Mutter v. Ross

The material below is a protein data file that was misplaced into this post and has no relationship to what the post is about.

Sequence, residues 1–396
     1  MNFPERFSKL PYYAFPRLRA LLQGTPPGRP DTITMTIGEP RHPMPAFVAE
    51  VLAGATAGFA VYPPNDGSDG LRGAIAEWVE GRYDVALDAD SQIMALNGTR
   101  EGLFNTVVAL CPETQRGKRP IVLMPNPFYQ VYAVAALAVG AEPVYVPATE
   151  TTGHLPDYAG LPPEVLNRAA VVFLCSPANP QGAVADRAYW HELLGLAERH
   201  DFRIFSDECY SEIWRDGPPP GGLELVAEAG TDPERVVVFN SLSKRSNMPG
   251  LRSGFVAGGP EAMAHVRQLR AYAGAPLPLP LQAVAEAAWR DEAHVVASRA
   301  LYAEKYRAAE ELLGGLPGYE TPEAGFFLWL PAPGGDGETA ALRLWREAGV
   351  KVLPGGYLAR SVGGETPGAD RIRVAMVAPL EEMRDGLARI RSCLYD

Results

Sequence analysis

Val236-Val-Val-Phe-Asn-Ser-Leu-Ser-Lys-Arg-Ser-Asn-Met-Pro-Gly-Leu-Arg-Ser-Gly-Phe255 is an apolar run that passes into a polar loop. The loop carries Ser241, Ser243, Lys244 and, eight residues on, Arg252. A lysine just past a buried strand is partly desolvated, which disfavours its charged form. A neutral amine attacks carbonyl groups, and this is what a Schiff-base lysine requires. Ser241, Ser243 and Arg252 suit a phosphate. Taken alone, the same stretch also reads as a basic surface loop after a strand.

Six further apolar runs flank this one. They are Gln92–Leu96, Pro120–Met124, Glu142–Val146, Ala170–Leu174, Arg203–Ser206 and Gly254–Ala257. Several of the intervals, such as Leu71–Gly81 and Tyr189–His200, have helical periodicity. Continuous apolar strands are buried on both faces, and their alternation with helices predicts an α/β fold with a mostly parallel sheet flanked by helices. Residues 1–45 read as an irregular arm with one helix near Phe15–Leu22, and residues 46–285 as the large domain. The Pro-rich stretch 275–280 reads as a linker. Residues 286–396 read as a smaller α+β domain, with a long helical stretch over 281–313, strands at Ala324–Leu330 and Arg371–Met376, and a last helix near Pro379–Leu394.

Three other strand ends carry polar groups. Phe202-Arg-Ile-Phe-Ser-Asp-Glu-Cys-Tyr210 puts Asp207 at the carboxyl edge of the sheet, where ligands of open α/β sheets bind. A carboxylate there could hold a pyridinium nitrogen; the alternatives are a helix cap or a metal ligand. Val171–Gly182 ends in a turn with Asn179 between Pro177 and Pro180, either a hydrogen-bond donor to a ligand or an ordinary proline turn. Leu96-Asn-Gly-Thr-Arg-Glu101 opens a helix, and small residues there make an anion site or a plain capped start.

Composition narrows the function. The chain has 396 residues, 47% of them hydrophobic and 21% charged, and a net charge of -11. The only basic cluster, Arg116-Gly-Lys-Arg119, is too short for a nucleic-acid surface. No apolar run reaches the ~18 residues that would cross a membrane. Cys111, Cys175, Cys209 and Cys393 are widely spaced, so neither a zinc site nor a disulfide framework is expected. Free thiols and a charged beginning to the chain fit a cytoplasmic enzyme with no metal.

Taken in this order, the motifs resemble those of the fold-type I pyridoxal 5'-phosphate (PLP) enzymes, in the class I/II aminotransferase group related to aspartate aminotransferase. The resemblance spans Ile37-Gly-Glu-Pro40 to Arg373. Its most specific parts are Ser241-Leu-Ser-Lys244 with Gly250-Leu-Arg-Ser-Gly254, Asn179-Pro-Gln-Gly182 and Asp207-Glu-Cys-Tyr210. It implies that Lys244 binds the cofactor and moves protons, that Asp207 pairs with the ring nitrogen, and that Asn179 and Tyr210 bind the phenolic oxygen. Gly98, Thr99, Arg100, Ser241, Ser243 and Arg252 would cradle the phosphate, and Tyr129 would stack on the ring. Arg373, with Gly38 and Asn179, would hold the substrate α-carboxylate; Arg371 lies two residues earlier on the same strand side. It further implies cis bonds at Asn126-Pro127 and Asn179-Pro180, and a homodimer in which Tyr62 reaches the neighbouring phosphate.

A condition of parole prohibiting Respondent, a registered sex offender, from possessing or having contact with a computer or other device with internet access was unconstitutional under the First Amendment. Respondent challenged the West Virginia Parole Board’s decision to revoke his parole. The circuit court vacated the Board’s decision, partly on the ground that Respondent’s special condition of parole prohibiting his possession or contact with a computer with internet access was unconstitutional. The Supreme Court affirmed, holding that because Respondent’s condition of parole was broader than the statute struck down in Packingham v. North Carolina, 137 S.Ct. 1730 (2017), which barred registered sex offenders from accessing social media networking websites, it was an overboard restriction of free speech in violation of the First Amendment. View "Mutter v. Ross" on Justia Law